IMD: Above-normal rain in Kerala for two weeks

A long-range forecast issued by the India Meteorological Department (IMD) says the state is expected to receive above-normal rainfall over the next two weeks.

Published: 08th May 2021 05:45 AM  |   Last Updated: 08th May 2021 05:45 AM   |  A+A-

For representational purposes

By Express News Service

KOCHI: A long-range forecast issued by the India Meteorological Department (IMD) says the state is expected to receive above-normal rainfall over the next two weeks. A cyclonic circulation lies over southeast Arabian Sea and the adjoining Maldives area at 0.9km above mean sea level which may intensify into a depression by May 20. The monsoon surge is expected to hit Kerala coast by June 1.

The intermittent summer showers over the past two months have helped the state to escape the sweltering heat at bay. The state has received 29 per cent excess rainfall during the period and the scattered rainfall has helped to keep the groundwater table steady. “A low pressure area is likely to form over central parts of south Arabian Sea by the third week of May and there is a low probability of its intensification by May 20. Cumulatively, above-normal rainfall is likely over Kerala during the next two weeks,” the IMD said.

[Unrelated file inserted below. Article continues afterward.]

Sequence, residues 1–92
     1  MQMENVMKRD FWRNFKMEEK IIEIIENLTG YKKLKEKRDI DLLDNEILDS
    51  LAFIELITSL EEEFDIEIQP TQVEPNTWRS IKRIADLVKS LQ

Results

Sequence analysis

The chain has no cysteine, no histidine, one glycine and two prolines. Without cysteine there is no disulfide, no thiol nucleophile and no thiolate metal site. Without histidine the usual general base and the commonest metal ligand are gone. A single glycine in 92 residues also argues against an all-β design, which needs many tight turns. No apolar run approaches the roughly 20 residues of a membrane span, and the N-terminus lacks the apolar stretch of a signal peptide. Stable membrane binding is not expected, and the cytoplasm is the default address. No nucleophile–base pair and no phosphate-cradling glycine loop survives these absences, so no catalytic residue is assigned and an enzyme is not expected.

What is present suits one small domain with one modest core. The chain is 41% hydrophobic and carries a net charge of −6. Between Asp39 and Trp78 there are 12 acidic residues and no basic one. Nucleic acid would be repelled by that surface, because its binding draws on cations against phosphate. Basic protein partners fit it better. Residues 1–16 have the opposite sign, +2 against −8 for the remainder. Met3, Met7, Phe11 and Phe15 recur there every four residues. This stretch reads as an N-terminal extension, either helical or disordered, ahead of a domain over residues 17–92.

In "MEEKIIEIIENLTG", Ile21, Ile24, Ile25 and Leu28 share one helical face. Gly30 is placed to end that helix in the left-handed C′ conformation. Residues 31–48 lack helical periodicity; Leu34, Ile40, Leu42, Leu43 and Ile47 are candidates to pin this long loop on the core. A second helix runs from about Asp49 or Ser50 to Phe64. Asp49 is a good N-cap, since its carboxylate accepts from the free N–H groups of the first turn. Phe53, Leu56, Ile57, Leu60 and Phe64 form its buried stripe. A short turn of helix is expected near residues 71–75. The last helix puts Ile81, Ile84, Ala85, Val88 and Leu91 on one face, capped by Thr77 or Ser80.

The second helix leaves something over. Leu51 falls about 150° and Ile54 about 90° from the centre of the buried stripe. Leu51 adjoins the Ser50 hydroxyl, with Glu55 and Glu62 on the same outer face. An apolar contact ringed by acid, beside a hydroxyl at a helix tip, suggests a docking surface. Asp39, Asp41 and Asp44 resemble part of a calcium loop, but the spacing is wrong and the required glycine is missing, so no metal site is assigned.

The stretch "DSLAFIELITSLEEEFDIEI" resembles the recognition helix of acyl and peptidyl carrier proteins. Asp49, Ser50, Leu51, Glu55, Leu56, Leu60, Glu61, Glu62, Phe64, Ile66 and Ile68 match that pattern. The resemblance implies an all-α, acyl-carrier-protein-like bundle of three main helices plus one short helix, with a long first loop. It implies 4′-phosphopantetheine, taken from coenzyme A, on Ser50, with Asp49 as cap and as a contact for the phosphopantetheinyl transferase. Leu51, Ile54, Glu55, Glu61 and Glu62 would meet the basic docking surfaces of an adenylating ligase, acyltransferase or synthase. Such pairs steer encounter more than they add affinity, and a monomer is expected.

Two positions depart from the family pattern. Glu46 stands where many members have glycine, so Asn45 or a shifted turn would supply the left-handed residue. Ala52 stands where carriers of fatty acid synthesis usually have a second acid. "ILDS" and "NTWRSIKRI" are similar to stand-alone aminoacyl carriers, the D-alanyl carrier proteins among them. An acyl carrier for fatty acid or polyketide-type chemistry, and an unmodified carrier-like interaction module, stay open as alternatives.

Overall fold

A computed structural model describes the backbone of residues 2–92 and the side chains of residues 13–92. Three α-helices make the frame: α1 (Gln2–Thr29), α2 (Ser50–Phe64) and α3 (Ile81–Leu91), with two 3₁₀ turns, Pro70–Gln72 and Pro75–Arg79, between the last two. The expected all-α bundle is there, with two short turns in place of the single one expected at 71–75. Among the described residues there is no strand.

Moderate La Niña conditions, a climate pattern that causes cooling of surface ocean waters, are prevailing over equatorial Pacific and sea surface temperature is below normal over central and eastern equatorial Pacific Ocean. Neutral Indian Ocean Dipole (IOD) conditions are likely to continue up to July. These conditions are expected to ensure a normal monsoon this year.

“Though the Ministry of Earth Sciences has forecast onset of monsoon by June 1, the monsoon surge may hit Kerala coast before June 1. Thanks to the intermittent summer rains, the temperature hovered around 36 degree Celsius in Kerala and there was no incident of sunstroke this year. The ultraviolet index values were also low. These are the effects of La Niña conditions,” said Cusat department of atmospheric sciences associate professor S Abhilash.

“Usually, low pressure areas will form in Bay of Bengal and Arabian Sea by the latter half of May, which will intensify monsoon activity. In the last two years, we have witnessed cyclonic activity in the Arabian Sea during the onset of monsoon which carried away the clouds to the north which delayed the progress of monsoon in Kerala,” said IMD former director S Sudevan.


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